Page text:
Today, I am getting appreciated for my work and what I have given to the society. But it would be right if I say, I have gained a lot from the village where I come from. I have learnt from them that they have lots of potential for growth. They have a strong wish for betterment. A little support and direction would help them to become self-reliant, while maintaining their self-esteem. They can make wonders for themselves. I believe that being educated does not mean I would have all the solutions for their problems and I would be better than they. We have a rich culture. People are wise. They certainly know their problems as well as its solutions. There is a selfish section of society which is not willing to find solutions to the problems of poor. So they expect the poor to remain poor. Hence the gap between poor and rich widens. This leads to various social problems. All the differences and discriminations are man-made. There are many stumbling blocks that have built inequality into our social systems. To bring back equality, the poor have to develop in every respect – economic, financial, as well as social. So change in the social systems is very important and that is what we in BNGVN emphasize.

I believe if a person’s basic needs get fulfilled, he gets ready for social reforms. So our main focus is on helping the poor become self-sustainable by establishing a strong social system in our village, which would enable villagers to be responsible and answerable towards the development of the village. Gramsabha, or the Village Assembly and People’s Participation, are the best solutions for village development. People come together and discuss the village problems by themselves; after all, they know the reality that surrounds them and thus are the best judges of own lives. They find solutions and bring progress for themselves. We in BNGVN just play the role of facilitators.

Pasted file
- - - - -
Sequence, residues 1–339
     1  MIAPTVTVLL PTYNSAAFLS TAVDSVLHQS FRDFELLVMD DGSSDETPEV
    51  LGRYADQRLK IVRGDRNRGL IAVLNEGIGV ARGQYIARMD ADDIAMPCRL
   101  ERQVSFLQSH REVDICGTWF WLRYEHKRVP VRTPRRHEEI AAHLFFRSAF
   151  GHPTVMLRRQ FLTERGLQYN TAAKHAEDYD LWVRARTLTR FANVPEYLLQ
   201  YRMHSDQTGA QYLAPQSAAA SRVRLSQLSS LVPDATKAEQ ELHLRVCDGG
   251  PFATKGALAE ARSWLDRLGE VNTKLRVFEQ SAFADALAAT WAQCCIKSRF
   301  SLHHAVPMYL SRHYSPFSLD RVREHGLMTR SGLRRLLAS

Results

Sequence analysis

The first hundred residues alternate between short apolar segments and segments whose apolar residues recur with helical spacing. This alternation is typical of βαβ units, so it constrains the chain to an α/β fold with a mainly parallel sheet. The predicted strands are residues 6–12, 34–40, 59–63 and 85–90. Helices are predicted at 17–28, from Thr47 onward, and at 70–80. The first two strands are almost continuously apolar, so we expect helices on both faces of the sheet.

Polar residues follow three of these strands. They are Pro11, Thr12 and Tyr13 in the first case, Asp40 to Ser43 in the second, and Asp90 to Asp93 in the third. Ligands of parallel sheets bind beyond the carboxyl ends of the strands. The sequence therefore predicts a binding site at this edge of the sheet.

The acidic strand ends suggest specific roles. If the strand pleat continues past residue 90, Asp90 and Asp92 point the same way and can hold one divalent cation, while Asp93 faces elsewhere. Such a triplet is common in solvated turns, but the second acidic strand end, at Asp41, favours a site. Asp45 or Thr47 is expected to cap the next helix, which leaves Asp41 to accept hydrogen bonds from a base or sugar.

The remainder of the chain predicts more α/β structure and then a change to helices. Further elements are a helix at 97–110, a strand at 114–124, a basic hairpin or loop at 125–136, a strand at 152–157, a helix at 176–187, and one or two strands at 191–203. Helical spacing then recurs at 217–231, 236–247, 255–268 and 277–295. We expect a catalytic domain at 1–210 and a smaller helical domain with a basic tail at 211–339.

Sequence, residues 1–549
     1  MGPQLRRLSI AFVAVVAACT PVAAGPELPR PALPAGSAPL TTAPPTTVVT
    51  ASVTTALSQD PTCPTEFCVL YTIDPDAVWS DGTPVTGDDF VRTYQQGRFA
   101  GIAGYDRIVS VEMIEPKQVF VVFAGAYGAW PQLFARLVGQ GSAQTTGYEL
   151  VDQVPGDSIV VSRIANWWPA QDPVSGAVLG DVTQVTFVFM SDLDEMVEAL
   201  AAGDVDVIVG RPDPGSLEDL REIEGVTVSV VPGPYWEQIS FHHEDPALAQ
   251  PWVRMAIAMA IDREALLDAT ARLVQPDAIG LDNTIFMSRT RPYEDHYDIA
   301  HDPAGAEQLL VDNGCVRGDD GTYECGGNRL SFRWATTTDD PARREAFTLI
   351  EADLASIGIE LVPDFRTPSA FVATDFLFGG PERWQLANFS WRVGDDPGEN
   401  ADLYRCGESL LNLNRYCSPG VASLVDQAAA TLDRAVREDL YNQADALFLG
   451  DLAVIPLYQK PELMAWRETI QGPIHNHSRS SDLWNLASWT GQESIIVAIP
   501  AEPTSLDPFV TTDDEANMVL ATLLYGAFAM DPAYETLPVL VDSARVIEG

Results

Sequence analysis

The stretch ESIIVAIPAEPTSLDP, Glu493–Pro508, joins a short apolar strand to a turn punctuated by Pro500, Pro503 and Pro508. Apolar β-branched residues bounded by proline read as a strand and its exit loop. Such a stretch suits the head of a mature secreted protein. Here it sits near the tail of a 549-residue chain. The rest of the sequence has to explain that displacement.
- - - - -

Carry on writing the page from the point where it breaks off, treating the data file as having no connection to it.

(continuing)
Further we have realized that it is not sufficient to work on a particular issue like women empowerment or sanitation etc. We believe that if we keep “family” as a focal point and work towards its development—“Family” being a part of the community –community development is inevitable. An “Ideal Family” is a base for “Ideal Village”. We have tried our best to inculcate this concept in our villagers. We have tried to bring out a culture where people will believe in unity and cooperation. The whole village is now working hard to be an “Ideal Village” in real terms. That is why we say, Bhagini Nivedita Gramin Vigyan Niketan works for “Development By the People, For the People and Of the People”.

Thank you!!!